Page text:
Viewing Puaka and Matariki in the dawn sky requires close observation of the world around us. For Matairaki, Ōtepoti-based artists Megan Brady, Antony Deaker, Ana Iti, and Moewai Marsh invite you to observe Ōtepoti from specific lookout sites within a short walking distance of Blue Oyster Art Project Space.
Tūrei 28 Hune -
Rātapu 10 Hūrae
Tuesday 28 June -
Sunday 10 July
Experience the project anytime by picking up a free take-home guide from outside Blue Oyster Art Project Space. This experience will take approximately 45 minutes and can be done independently, or on a guided walk with the artists which will close the project on Sunday 10 July, 2pm.
(Kāi Tahu/Pākehā) is a multidisciplinary artist working across fields of sculpture, installation and sound. Sonic and sensory, her projects often follow a rule that responds to dimensions, patterns, navigation and sites. She draws details together to intimately connect to an environment, inviting others to do the same.
Megan holds a Bachelor of Visual Arts (First Class Honours) from the Dunedin School of Art (2017). Recent shows include; Tauraka Toi: A Landing Place, Dunedin Public Art Gallery (2021-2022), BIKED with Cargo Bike Art Space, The Crypt, Dunedin (2021) and Lay in measures, Enjoy, Wellington (2021).
is Ngāi Tahu, he currently works for Kāti Huirapa Rūnaka Ki Puketeraki and the Dunedin City Council in economic development roles.
His background is in arts employment and arts business development. He has also developed and managed arts festivals, managed arts and music performance venues, managed a radio station, published books of poetry and presented exhibitions, writing, books and sculpture. He has been involved in numerous performances. In 2017 he co-curated an exhibition of Dunedin contemporary art and fashion that was viewed by 40,000 people in Shanghai, in 2022 he demonstrated 6G and other plant-based technology to 75 people in Waitati.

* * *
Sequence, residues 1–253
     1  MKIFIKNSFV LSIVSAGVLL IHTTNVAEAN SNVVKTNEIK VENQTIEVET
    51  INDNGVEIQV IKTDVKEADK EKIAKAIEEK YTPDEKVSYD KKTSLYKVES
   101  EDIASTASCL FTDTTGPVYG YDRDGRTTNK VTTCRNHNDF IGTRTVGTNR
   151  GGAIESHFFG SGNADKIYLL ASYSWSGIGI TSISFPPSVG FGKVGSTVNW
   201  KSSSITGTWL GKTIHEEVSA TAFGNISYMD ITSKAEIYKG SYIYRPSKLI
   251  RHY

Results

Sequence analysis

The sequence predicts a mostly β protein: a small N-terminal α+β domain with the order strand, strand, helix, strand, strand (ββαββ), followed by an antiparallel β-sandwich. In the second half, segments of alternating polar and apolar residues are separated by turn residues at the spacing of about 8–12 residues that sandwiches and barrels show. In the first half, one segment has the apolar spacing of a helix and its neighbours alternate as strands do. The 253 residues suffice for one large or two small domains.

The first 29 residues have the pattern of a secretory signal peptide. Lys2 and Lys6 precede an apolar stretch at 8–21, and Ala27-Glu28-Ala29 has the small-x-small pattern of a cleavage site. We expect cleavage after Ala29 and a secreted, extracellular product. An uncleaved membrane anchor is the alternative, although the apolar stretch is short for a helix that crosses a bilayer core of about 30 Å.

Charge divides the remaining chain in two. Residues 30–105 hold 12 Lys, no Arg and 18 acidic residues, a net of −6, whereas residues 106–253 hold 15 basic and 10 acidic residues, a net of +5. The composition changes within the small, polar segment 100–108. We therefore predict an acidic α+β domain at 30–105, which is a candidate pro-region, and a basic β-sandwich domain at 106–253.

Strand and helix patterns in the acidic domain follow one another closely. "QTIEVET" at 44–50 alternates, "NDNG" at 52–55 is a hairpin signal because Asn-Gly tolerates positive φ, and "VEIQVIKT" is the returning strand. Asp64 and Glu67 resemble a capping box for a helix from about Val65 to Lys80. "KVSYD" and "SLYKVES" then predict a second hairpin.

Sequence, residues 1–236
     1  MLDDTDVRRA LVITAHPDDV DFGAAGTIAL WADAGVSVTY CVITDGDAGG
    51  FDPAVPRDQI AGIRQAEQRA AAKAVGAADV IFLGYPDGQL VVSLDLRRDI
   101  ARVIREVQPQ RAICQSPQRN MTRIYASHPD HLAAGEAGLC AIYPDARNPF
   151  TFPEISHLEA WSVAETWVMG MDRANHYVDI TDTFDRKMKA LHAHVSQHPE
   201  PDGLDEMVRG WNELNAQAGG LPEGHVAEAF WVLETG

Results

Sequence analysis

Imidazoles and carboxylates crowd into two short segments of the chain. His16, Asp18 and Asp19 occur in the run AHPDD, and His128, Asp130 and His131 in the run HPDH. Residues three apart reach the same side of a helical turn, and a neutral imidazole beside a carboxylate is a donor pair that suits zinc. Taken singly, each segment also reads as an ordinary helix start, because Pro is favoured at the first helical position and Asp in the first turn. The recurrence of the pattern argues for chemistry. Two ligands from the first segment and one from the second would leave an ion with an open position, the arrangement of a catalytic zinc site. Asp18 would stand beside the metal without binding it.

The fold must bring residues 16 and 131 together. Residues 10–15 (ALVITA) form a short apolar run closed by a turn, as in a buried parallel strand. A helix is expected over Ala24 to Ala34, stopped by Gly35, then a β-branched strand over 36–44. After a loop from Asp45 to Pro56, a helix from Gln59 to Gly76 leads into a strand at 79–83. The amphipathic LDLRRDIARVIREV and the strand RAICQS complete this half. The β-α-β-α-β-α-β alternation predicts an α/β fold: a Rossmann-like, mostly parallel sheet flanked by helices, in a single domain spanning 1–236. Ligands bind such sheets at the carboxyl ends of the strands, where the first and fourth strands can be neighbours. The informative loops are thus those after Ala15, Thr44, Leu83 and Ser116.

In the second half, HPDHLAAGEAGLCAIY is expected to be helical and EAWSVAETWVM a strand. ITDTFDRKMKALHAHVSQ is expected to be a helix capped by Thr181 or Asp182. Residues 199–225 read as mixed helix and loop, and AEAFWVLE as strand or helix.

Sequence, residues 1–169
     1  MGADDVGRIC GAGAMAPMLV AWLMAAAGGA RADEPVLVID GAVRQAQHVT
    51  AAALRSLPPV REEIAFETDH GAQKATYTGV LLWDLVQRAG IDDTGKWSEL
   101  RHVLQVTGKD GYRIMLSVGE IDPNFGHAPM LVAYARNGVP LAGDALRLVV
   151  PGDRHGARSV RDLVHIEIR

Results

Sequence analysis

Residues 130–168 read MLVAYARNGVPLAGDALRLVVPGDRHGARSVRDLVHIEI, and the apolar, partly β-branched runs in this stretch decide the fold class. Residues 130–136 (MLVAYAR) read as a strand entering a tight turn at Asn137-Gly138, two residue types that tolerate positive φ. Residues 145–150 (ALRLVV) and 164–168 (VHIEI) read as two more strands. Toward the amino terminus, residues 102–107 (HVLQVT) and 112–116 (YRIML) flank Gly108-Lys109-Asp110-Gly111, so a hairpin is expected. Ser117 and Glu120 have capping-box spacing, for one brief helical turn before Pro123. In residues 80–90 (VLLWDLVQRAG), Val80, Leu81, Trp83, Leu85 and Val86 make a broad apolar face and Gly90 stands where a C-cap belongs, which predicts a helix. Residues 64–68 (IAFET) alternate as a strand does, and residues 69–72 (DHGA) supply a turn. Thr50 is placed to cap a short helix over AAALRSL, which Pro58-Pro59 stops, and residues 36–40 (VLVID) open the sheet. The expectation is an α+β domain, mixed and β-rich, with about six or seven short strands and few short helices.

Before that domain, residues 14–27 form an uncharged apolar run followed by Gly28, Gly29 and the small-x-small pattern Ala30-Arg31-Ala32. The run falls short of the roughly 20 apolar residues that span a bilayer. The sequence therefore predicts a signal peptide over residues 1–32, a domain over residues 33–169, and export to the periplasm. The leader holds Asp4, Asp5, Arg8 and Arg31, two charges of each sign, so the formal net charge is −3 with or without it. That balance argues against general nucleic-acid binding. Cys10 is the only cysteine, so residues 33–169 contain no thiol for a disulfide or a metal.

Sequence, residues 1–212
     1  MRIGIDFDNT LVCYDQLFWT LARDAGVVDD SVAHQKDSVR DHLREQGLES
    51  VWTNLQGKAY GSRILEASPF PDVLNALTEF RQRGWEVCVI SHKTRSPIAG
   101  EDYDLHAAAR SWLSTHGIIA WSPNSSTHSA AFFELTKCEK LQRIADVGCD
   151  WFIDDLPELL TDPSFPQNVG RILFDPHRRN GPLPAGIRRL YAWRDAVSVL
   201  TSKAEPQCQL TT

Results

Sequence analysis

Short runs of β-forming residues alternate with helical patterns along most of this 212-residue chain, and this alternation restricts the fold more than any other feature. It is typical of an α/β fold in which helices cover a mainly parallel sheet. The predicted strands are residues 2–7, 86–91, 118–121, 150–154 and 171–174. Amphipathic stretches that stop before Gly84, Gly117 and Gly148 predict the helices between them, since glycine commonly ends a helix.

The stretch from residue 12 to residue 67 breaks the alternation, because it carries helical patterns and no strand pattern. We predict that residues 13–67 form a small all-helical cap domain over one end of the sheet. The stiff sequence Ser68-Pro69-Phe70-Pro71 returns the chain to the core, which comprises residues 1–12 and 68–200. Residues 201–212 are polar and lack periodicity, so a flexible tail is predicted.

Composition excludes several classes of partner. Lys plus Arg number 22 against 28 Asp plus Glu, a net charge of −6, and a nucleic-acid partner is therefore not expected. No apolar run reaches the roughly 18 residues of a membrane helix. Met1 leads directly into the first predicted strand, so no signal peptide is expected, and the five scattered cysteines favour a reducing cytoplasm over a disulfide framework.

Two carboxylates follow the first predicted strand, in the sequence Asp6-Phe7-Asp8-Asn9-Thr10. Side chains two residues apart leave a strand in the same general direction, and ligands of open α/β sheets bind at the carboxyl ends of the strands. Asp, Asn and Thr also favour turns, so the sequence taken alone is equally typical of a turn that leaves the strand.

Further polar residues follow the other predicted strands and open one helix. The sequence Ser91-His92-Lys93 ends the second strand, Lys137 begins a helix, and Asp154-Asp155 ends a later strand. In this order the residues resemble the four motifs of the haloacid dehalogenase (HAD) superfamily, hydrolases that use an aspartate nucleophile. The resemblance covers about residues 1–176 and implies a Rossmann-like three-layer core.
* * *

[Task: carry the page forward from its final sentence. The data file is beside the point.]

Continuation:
(Kāi Tahu, Ngāti Kahungunu ki te Wairoa) uses her artistic platform to put mauri back into taonga Māori. Moewai is based in Ōtepoti and is currently working at a shared arts studio space within the mental health community. Moewai holds a Bachelor of Visual Arts from Dunedin School of Art and is studying a Diploma of Māori and Indigenous Art at Te Wānanga o Aotearoa. Moewai experiments with making paint from Papatūānuku to expand her painting practice. She is very dedicated to her community, and her artwork.
(Te Rarawa, Pākehā) is an artist based in Te Waipounamu. Often employing sculpture, video and text, her recent work explores the practice of history making through shared and personal narratives.